by Dr. Lawrence Wilson

© March 2017, L.D. Wilson Consultants, Inc.


All information in this article is for educational purposes only.  It is not for the diagnosis, treatment, prescription or cure of any disease or health condition.


            One of the most influential women of the 19th century was Margaret Fuller.  She was a fiery advocate of equal rights for women, and especially wanted women to become educated just as much as men.  Some consider her the forerunner of the modern women’s movement in America.  She wrote a book entitled Women In The 19th Century that is still an excellent book to read for any woman today.

She also firmly opposed slavery in America and everywhere else, and championed more humane treatment of prisoners and the poor.  These are the things she wants to be remembered for.




Margaret, as she loved to be called, was born on May 10, 1810 near present-day Cambridge, Massachusetts, USA.  Her father was a local attorney and politician, while her mother was a homemaker.  They were not wealthy, but there was usually enough food on the table and the family enjoyed living in the area of Boston, in America.

Margaret was a bright child, but she said she was not brilliant.  Her father, however, insisted that she learn everything that a man would learn, including Latin, other languages, history, science and religion.  He was quite harsh about it, causing Margaret to experience headaches and nightmares related to learning things.  In spite of this, she persisted with her studies.  In fact, at one time she was dubbed “the most well-read person in New England among women and men.”




Margaret loved learning, teaching and writing.  She worked at several jobs as an editor, a writer and a teacher.  These earned her respect, and she earned money that the family badly needed after her father died and left the family with very little.  Often, she was the first woman to hold type of her job, and she excelled at them.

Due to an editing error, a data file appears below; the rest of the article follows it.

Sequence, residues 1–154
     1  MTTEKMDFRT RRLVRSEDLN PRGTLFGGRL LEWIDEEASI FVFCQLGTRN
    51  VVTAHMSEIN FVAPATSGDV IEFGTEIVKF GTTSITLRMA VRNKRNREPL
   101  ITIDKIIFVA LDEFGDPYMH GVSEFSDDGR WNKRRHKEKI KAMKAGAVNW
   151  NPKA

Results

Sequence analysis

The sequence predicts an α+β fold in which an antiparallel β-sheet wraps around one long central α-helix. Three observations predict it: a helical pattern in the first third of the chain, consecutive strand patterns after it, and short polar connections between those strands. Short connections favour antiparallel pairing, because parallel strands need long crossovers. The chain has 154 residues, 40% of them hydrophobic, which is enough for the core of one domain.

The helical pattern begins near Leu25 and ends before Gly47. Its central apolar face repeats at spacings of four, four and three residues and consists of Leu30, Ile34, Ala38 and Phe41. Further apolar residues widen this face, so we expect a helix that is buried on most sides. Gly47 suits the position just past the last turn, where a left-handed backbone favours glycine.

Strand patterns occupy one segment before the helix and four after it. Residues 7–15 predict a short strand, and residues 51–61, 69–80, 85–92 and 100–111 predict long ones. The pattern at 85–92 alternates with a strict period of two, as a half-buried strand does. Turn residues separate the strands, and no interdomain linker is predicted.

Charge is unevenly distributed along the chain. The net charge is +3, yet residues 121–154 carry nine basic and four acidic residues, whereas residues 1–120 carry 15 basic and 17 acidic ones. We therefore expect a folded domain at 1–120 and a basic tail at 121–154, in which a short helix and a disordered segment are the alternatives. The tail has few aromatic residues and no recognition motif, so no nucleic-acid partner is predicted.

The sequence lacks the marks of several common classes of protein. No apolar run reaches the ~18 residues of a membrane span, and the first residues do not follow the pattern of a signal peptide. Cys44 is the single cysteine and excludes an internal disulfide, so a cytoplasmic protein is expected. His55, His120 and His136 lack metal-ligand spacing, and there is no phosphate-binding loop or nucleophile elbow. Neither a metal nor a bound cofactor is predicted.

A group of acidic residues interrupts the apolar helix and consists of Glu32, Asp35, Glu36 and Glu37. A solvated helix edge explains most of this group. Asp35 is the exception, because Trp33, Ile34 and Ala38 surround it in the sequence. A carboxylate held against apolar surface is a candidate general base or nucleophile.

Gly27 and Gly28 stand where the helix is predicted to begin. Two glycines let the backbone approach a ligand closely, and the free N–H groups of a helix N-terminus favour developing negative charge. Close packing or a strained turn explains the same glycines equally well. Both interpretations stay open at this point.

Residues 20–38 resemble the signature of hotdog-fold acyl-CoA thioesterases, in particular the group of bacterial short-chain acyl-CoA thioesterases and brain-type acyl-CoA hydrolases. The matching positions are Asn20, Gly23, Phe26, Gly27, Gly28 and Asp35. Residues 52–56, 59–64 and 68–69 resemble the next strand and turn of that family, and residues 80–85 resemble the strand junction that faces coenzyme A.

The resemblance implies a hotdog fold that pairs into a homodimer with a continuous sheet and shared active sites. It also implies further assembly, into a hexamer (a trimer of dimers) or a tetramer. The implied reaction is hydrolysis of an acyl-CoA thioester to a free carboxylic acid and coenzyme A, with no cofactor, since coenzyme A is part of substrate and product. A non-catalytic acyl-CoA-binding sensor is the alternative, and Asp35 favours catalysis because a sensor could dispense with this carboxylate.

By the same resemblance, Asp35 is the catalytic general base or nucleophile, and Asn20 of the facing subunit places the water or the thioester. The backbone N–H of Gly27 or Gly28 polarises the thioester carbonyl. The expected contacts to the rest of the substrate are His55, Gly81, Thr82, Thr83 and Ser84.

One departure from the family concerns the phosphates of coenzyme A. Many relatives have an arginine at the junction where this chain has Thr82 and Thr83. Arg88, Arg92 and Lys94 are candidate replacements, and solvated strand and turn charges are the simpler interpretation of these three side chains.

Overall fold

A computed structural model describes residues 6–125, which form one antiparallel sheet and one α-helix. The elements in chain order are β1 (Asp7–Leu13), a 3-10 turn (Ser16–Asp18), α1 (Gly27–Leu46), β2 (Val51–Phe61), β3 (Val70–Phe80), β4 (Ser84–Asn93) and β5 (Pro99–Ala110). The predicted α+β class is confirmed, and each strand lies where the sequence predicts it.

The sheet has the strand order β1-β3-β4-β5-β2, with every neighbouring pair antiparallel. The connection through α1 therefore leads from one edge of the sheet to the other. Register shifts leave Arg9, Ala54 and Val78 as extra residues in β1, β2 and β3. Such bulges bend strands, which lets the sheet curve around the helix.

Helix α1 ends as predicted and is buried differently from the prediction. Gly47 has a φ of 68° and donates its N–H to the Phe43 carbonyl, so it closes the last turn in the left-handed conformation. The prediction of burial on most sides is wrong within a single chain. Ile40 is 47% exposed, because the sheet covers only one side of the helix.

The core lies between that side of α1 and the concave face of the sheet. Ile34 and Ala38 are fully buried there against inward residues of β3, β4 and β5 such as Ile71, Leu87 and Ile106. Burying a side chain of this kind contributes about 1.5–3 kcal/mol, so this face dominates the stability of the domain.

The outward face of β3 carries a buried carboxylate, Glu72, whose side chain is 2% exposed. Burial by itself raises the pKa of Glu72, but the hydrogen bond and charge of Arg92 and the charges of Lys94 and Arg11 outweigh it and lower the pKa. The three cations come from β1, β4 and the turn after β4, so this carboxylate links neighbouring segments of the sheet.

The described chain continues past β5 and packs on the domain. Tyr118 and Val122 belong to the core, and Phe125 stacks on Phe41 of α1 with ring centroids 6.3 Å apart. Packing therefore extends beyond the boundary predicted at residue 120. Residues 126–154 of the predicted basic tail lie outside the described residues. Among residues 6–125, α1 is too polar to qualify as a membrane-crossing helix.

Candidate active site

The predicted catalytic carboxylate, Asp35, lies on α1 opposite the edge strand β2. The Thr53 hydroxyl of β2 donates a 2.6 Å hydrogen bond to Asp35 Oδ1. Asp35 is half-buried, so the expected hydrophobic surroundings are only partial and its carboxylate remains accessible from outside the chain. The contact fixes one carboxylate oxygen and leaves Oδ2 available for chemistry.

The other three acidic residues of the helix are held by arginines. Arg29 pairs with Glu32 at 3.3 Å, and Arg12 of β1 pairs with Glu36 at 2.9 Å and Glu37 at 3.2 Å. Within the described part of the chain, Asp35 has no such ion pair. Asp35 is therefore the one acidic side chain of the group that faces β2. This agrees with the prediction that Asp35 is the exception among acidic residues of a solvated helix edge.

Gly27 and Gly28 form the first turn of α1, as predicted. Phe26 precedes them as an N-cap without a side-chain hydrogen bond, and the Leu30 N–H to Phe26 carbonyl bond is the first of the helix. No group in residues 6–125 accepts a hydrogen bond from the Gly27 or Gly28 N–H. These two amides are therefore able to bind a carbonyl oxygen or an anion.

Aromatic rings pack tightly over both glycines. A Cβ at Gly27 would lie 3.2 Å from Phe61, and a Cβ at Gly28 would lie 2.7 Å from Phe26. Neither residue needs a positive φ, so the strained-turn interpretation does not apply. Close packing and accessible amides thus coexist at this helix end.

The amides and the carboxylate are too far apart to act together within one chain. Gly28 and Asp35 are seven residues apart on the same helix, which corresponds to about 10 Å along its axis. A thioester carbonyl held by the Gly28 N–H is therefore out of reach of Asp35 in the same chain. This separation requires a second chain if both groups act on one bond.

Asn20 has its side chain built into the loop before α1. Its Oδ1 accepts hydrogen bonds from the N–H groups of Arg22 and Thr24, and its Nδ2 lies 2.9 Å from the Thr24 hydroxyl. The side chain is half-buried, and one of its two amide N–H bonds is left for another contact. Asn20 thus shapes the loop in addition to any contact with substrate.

Two of these positions were most prestigious.  She was asked by Ralph Waldo Emerson, one of the most eminent writers in America at the time, to edit his magazine, The Dial.  After working there for a few years, she accepted a position as an editor at the New York Herald Tribune, then a leader in publishing the news.




Although she greatly enjoyed her writing and editing jobs, Margaret’s real fame came from her work with women.  Around 1850, she began holding “Conversations” with groups of middle-class women throughout New England, and later in New York and in Europe. 

The goals of these classes were:

1. To educate women about the issues of the day.

2. To help the women feel confident in speaking out and discussing these complex issues

3. To encourage them to become more educated about everything.

Margaret felt that this was her greatest contribution to humanity.  She, like her grand nephew, Richard Buckminster Fuller, felt that she “belonged to the universe.  She said she was here to serve God and serve the world.  Her work with women was her feeble attempt to do this.   It was, she believed, her major contribution to the planet.




            Early in her life, Margaret decided she would not marry because her father advised her against it.  He told her she would just become an idle housewife like her mother (who was not idle!)  She accepted the idea and did not marry until around the age of 40, when she also had a son by her new husband.

            In fact, her marriage worked very well and she changed her mind about it completely.  Her father had been wrong, in this case, and she regretted that she did not marry earlier, as she had several good offers.




            Much, much more can be written about Margaret Fuller, and has been.  This short article is just enough to hopefully cause you to pick up her book, Women In The Ninteenth Century or another of her works.  Margaret died in a ship wreck just off the coast of New York on July 19, 1850.


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